Ever since I read "Made to Stick" by the Heath Brothers I’ve been a keen collector of success stories about my programme.
As the programme manager I have to report on the progress of my team. Risks, Issues, Budget, Milestones, Financial Benefits, Reach, etc, etc. Lots of numbers and facts. Terribly significant and rather dull.
So, to spice things up, I also report on success stories.
Here’s an example from a couple of months ago:
This month we enabled:
- Danny Simons to beat PA by 3 minutes
- Journalists in Beijing, Hong Kong and London working together to confirm the escape of Cheng Guancheng
- 200 pieces of original journalism filed from across the UK on the Local Elections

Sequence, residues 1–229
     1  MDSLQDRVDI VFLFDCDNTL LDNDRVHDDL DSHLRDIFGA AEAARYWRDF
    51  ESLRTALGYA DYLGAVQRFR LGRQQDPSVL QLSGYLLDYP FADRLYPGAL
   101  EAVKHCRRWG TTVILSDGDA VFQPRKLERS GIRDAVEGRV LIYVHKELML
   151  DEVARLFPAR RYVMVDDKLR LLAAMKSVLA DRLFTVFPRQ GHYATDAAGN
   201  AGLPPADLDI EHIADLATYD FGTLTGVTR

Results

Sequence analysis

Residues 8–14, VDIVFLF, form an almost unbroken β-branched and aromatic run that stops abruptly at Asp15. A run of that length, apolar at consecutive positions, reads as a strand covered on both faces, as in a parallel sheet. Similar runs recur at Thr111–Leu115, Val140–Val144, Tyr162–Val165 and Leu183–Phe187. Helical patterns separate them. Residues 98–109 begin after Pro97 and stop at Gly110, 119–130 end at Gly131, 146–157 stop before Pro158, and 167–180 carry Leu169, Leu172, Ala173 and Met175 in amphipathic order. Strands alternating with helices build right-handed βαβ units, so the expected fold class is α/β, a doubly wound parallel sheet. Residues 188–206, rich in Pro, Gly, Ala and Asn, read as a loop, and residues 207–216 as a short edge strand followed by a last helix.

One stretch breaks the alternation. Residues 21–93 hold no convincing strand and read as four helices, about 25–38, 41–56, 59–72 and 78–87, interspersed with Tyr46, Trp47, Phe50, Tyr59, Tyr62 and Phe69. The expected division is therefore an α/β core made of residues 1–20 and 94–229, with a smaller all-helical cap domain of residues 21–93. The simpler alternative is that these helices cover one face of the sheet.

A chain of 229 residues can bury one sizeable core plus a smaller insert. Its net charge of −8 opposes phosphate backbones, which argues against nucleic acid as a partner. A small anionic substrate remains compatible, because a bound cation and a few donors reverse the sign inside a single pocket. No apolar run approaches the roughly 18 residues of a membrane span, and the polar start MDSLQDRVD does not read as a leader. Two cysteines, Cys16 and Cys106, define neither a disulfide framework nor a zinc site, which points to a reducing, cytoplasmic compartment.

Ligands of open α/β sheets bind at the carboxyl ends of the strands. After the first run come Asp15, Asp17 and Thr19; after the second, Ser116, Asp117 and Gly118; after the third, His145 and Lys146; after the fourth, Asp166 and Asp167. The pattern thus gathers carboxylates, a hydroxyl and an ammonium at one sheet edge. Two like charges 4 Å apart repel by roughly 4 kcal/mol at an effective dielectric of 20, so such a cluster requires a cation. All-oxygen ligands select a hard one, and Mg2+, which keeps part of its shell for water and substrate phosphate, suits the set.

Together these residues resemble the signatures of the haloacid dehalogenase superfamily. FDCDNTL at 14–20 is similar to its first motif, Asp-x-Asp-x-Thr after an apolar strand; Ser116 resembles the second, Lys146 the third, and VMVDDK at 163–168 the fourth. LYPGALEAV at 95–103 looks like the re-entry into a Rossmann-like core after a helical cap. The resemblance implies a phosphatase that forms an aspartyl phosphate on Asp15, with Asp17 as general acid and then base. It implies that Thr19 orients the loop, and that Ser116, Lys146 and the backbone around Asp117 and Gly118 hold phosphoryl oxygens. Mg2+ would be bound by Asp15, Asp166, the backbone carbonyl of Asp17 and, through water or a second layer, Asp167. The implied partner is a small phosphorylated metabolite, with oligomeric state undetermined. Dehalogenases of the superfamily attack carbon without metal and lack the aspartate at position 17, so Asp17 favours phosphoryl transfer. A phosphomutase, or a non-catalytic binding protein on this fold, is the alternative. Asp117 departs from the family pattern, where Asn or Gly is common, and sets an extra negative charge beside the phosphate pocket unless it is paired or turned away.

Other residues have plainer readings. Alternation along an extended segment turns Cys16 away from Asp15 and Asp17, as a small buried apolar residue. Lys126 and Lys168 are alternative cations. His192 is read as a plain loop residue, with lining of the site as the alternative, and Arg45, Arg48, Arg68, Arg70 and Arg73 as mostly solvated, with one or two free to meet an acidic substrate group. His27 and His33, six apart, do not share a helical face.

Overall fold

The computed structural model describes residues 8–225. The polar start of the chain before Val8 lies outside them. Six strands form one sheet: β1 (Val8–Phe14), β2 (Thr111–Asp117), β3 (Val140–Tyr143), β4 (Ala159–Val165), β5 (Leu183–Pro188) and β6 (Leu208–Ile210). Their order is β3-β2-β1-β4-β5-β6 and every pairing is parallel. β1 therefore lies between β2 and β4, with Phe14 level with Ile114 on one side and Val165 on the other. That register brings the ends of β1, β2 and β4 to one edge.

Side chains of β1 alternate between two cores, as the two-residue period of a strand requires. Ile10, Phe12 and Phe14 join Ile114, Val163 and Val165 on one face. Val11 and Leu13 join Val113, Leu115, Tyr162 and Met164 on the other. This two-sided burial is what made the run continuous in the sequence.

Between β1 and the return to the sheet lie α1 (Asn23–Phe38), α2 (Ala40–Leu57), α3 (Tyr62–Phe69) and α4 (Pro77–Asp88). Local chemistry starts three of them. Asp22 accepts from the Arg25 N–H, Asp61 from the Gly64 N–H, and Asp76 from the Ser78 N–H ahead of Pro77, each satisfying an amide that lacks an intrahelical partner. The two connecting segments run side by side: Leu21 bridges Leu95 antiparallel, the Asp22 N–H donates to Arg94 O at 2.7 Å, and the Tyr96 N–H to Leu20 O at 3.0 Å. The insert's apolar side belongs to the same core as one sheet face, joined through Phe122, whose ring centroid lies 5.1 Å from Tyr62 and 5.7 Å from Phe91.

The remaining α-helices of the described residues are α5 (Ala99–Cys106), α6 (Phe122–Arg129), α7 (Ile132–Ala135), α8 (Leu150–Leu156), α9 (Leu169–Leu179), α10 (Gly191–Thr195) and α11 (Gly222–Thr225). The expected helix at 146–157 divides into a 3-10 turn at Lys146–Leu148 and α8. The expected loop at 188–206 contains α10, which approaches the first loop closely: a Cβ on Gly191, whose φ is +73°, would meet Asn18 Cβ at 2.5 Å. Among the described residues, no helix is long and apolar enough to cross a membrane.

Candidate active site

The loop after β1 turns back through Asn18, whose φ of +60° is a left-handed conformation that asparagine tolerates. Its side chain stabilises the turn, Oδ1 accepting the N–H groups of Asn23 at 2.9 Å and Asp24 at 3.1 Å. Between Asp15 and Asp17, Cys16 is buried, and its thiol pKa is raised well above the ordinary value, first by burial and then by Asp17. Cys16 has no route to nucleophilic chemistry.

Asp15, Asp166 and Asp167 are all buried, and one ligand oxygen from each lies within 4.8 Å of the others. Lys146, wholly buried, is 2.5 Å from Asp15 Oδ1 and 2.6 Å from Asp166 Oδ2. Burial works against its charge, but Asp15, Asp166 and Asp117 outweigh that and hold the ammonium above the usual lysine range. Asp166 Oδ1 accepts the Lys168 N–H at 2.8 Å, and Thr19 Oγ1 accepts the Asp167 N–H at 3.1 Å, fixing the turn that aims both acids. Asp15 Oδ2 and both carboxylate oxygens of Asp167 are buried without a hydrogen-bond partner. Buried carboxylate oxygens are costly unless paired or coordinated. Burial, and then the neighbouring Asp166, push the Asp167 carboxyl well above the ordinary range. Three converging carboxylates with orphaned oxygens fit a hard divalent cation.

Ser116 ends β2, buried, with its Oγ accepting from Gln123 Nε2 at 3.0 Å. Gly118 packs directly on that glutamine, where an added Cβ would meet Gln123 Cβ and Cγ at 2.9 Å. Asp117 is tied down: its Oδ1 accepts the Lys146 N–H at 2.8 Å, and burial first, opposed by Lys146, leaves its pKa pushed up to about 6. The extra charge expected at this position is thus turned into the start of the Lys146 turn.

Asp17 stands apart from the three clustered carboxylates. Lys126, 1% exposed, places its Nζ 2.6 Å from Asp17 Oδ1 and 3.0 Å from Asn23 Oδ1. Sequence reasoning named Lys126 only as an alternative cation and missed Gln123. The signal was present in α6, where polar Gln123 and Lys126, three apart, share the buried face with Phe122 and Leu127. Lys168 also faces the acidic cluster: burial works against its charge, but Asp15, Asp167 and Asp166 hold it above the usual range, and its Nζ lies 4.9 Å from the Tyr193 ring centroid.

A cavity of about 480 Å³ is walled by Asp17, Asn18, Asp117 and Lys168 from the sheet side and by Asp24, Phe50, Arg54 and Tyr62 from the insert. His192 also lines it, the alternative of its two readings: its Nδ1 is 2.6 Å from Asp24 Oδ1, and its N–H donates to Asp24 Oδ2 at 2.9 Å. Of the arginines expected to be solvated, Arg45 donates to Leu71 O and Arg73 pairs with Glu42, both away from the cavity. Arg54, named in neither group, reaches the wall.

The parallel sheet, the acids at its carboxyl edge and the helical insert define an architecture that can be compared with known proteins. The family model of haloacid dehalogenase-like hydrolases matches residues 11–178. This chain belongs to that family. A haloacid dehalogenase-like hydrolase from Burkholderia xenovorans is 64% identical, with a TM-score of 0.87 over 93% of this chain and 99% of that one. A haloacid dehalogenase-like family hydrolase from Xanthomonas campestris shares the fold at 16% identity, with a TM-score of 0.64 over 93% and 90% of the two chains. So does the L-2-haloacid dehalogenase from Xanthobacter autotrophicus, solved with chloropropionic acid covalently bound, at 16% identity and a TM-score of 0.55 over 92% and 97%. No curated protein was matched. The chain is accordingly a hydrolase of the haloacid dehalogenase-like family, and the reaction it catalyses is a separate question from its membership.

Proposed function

These examples might not mean much outside my organisation but they mean an awful lot to the people who manage the journalists. They demonstrate, in a way that the numbers can’t, the benefit of the programme and the product we’re rolling out.
I encourage my entire team to keep on the look out for success stories. Places where our product has made an obvious difference. Where we facilitated collaboration, or enabled efficiencies, or just where somebody said the product was “Wow!”.
And the team oblige with 2 or 3 successes each month. When one gets flagged up I store the success away for latter reuse.
I admit that I was a bit hestitant about using the success stories at first but now they feature on the first page of my monthly programme board pack. The board wants me to demonstrate that the programme is delivering benefit and the success stories do just that.
The board merely nodded when we hit Milestone 2 and when we reached 7,000 internal users but when I mention that “Danny Simons beat PA by 3 minutes” the reaction was “Fantastic!”
Heath, C., & Heath, D. (2007). Made to Stick: Why Some Ideas Survive and Others Die. Random House.